What in the sports world are you thankful for?
Vastly improved women's sports exposure
By Mechelle Voepel
I am extremely thankful for the technological advances and increased number of broadcast platforms that, combined, allow us to watch so many sports outside those most popular with the mainstream. This has been crucial in giving needed visibility to women's sports.
This past weekend, NCAA women's basketball, volleyball, soccer and field hockey all could be viewed either on television or online.
I was very appreciative, for instance, that I could close out a busy viewing Friday by watching Minnesota-Nebraska volleyball on the Big Ten Network via DVR, which followed online viewing of Baylor-Stanford women's hoops, Stanford-UCLA volleyball and USC-Cal volleyball.
I grew up when NCAA women's team sports were just getting started and virtually never televised. Over the years, with women's basketball leading the way, televised games gradually began to increase. But it's been a long process for women's sports fans who felt for years as if so much happened that we just never had a chance to see. So I won't ever take for granted having all these televised and online options.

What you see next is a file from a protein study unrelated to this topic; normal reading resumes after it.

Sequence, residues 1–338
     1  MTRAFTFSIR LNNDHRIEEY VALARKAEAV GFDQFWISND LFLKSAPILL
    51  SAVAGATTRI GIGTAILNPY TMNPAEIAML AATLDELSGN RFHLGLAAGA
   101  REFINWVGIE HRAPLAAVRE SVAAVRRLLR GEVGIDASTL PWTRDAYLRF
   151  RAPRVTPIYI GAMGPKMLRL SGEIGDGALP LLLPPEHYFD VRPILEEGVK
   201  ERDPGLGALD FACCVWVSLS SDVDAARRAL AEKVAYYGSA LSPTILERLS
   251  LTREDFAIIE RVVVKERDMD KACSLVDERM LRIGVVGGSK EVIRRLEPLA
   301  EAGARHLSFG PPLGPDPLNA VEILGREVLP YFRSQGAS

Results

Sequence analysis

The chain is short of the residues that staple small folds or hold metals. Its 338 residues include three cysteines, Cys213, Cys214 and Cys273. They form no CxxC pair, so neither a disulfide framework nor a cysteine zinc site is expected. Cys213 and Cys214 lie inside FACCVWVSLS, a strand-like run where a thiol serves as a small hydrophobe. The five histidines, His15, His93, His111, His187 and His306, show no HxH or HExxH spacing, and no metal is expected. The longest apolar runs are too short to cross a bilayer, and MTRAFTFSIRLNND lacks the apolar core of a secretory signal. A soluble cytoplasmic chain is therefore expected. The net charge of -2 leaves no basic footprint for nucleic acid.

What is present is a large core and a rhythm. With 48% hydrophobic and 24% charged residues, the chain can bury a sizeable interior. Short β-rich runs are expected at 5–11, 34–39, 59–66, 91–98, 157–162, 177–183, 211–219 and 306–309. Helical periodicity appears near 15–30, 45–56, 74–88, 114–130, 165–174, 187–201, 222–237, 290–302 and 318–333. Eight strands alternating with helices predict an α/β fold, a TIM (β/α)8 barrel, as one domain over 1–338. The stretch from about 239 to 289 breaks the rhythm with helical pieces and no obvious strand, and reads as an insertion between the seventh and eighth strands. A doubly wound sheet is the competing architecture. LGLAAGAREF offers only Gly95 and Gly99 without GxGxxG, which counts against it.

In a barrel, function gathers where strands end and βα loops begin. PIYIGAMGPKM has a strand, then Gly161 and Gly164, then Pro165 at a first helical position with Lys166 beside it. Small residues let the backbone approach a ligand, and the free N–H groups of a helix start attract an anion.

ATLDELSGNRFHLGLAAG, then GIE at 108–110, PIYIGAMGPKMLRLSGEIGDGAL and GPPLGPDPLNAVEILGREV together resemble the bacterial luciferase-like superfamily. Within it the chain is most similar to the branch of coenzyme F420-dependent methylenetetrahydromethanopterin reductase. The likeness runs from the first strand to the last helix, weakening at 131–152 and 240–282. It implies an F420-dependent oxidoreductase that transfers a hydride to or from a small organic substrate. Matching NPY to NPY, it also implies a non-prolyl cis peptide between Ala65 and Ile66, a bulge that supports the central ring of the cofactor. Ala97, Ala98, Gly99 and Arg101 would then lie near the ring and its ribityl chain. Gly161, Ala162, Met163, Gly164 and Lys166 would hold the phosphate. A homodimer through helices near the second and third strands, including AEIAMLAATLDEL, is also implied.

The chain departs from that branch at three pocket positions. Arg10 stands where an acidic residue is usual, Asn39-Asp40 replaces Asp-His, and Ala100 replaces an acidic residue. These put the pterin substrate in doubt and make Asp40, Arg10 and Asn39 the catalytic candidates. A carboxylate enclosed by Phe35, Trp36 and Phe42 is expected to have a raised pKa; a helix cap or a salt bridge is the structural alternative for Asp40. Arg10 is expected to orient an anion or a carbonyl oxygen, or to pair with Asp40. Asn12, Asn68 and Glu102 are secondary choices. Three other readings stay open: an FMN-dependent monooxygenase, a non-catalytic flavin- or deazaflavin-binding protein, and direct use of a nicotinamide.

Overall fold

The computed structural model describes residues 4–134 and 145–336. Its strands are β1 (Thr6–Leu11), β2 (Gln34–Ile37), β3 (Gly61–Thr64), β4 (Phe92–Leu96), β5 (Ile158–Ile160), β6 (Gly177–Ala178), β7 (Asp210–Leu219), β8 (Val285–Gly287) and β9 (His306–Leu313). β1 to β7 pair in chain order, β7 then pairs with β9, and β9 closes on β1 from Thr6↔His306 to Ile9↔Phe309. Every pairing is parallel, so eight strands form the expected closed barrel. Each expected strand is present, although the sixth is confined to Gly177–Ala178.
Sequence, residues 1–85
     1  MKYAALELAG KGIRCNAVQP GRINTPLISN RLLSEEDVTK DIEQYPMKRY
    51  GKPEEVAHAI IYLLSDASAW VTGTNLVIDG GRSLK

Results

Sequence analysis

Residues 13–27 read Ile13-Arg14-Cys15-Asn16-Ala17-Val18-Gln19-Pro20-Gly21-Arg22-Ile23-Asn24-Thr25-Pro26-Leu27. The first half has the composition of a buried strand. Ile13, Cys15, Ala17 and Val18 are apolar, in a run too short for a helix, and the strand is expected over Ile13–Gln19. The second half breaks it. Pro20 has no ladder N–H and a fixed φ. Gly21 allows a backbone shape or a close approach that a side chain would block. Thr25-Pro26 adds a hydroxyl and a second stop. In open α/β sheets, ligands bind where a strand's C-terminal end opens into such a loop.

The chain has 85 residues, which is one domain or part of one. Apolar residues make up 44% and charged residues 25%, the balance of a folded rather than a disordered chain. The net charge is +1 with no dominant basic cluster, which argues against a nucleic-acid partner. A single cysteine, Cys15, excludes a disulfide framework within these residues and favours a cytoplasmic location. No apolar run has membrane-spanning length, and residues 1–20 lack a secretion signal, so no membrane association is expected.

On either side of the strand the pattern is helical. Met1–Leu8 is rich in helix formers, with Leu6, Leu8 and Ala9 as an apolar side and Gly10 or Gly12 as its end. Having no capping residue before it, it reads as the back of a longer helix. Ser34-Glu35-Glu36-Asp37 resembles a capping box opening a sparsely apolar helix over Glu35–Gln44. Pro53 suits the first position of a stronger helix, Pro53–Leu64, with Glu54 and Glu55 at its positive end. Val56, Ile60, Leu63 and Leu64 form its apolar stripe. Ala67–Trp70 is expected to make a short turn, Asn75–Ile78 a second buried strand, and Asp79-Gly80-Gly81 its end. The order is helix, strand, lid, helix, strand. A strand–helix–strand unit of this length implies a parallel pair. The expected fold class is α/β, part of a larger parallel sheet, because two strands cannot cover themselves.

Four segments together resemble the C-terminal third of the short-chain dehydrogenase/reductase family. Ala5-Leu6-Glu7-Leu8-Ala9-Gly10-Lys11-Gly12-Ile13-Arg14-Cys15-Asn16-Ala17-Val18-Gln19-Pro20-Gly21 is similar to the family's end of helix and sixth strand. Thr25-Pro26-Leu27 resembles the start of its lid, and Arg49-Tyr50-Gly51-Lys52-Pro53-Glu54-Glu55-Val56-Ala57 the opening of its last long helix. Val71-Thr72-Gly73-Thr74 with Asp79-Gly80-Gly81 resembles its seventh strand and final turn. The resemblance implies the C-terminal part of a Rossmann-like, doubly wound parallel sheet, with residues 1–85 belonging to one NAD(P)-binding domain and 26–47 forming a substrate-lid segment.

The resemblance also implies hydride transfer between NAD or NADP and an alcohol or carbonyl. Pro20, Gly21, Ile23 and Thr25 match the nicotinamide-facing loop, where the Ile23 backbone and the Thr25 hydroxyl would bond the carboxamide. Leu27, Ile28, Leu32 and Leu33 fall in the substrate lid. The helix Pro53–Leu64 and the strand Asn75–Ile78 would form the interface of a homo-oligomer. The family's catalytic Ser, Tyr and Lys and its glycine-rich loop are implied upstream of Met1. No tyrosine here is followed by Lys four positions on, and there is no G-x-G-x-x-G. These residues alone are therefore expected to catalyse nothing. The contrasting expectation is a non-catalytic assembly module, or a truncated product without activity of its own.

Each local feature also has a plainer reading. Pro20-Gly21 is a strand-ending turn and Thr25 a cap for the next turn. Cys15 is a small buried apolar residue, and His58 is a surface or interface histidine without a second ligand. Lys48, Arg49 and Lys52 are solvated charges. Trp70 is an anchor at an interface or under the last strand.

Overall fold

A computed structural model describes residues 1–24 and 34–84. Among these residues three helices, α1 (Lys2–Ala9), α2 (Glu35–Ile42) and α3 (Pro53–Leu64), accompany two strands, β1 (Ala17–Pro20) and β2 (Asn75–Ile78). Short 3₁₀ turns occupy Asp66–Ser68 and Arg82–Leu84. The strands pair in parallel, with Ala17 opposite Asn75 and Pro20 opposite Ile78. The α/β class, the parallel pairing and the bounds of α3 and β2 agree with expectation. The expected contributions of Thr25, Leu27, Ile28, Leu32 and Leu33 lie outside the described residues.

But I am actually glad some folks are taking that for granted. There was a lot of griping that Stanford's upset over Baylor -- which was Friday afternoon Hawaii time, and early evening on the East Coast -- was not televised. People have just come to expect big-name women's hoops matchups should be available for viewing. That's progress.
Hometown team bringing family together
By Kate Fagan
The New York Giants. And not because, in the past few years, they've given us reason to be thankful for them. But simply because their existence makes me closer to my family.
It used to be every Sunday we would all watch the game together -- it was the most important few hours of the weekend, what we all looked forward to. Back then, the Giants didn't give us much more to cheer for than your average NFL team. They made the playoffs some years, missed them other years.
Today, now that we are all older and live in separate cities, we hop on a joint text string every Sunday. The first text usually says "Go Big Blue" and then we take it from there, exchanging messages through the final play.